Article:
upholding verdict against physician for negligent failure to diagnose ovarian cancer, on theory that "if such tests had been ordered . . . the cancer would have been discovered and removed, preventing its spread throughout the plaintiff's body"Summary of this case from Matsuyama v. Birnbaum
November 13, 1985.
July 15, 1986.
Present: GRANT, KAPLAN, SMITH, JJ.
Practice, Civil, Ordering verdict, Judgment notwithstanding verdict. Negligence, Doctor. Medical Malpractice, Expert opinion, Standard of care. Evidence, Relevancy and materiality, Declaration of deceased person, Cross-examination.
At the trial of a medical malpractice action wherein it was alleged that a licensed physician specializing in the field of gynecology had failed correctly to diagnose the cancer which was present in a patient and that, as a result, the patient's condition worsened, eventuating in her death shortly after the action was commenced, there was sufficient evidence to warrant findings that the physician had been negligent in failing to perform appropriate diagnostic tests, and that there was a causal connection between this negligence and the patient's subsequent medical condition. [497-498] At the trial of a medical malpractice action in which the defense raised the issue of the patient's contributory negligence in failing to see the physician during the period between July and October, 1980, the judge did not err in admitting evidence that the doctor was unavailable during the period in question because she was ill, where, in admitting this evidence, the judge excluded related but prejudicial evidence that during the period in question the doctor was a patient at a mental institution and that she had committed suicide a few months later. [499-500] At the trial of a medical malpractice action, the judge did not err in admitting in evidence, over objection, a tape recording and diary prepared by the patient prior to her death of cancer, where the judge found, as required by G.L.c. 233, § 65, that the statements were made upon personal knowledge and in good faith, and his findings were supported by the record.  At the trial of a medical malpractice action during which defense counsel, in cross-examining an expert witness for the plaintiff, sought to introduce statements made by the expert in a deposition in an unrelated case, the judge did not improperly restrict the cross-examination by requiring defense counsel to ask the expert witness certain questions, such as the nature of the case in which the expert had been deposed, before allowing the statements in evidence.  In a medical malpractice action during which a deposition of an expert medical witness for the plaintiff was read to the jury, the judge did not err in admitting in evidence an unsigned photocopy of the patient's supplemental answers to the defendant's interrogatories, where, during the course of the deposition, defense counsel had offered the photocopy of the patient's answers as an exhibit and where the expert witness had been questioned at the deposition about those answers.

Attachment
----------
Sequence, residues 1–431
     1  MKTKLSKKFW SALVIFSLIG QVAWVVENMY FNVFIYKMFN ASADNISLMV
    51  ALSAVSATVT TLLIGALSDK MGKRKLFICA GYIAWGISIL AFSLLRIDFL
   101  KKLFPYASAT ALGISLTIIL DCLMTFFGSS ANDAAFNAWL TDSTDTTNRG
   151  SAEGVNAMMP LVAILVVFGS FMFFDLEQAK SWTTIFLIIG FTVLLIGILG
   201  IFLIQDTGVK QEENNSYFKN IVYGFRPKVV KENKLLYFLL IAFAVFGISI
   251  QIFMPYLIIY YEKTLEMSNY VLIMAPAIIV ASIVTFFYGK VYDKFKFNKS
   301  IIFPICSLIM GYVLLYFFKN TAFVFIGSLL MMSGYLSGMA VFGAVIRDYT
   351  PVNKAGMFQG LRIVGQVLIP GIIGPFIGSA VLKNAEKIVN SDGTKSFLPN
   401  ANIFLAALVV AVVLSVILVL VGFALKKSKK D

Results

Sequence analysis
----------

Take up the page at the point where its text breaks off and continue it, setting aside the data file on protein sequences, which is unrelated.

CIVIL ACTION commenced in the Superior Court Department on June 19, 1981.
The case was tried before Mel R. Greenberg, J.
Peter C. Kober ( Donald J. Wood with him) for the defendant.
Charles F. Nayor ( John F. Trefethen, Jr., with him) for the plaintiff.
This malpractice action for personal injuries and consequential damages was commenced by Carole Cusher Garland on June 19, 1981, against Noble H. Turner, the administrator of the estate of Dr. Valentina Donahue-Turner (Dr. Donahue). The complaint alleged that Dr. Donahue, a licensed physician specializing in the field of gynecology, failed correctly to diagnose the cancer which was present in Mrs. Garland. The complaint further alleged that, as a result of Dr. Donahue's negligence, Mrs. Garland's "condition worsened and [her cancer] further spread in the absence of appropriate medical treatment which could have and should have been properly instituted." The defendant denied the allegations and asserted various affirmative defenses, including contributory negligence.
Dr. Valentina Donahue married Noble H. Turner on June 7, 1980. She died on December 7, 1980. For most of the period during which she treated Mrs. Garland, Dr. Donahue-Turner was not married and practiced medicine under the name of Dr. Donahue. That name, representing the defendant, is used in the body of the opinion.
After she brought this action, Mrs. Garland died. Her mother, Edith Cusher, was appointed executrix of her will. A suggestion of death was filed and a motion to substitute Mrs. Cusher as the party plaintiff was allowed. Trial in the Superior Court then followed; a jury returned a verdict of $480,000 in favor of the plaintiff. The defendant argues numerous claims of error on appeal. We affirm the judgment.
Throughout this opinion, the word "plaintiff" refers to the deceased, Mrs. Garland.
1. Sufficiency of the evidence. The defendant filed motions for a directed verdict and for judgment notwithstanding the verdict. Mass.R.Civ.P. 50(b), 365 Mass. 814 (1974). The judge denied the motions. In deciding whether the judge was correct in denying the defendant's motion for judgment n.o.v., we must apply the same standard of review as would apply to review of a motion for a directed verdict, D'Annolfo v. Stoneham Housing Authy., 375 Mass. 650, 657 (1978), "that is, Does the evidence, construed against the moving party, justify a verdict against him?" Ibid. Therefore, we must determine whether "anywhere in the evidence, from whatever source derived, any combination of circumstances could be found from which a reasonable inference could be drawn in favor of the plaintiff." Raunela v. Hertz Corp., 361 Mass. 341, 343 (1972), quoting from Kelly v. Railway Exp. Agency, Inc., 315 Mass. 301, 302 (1943).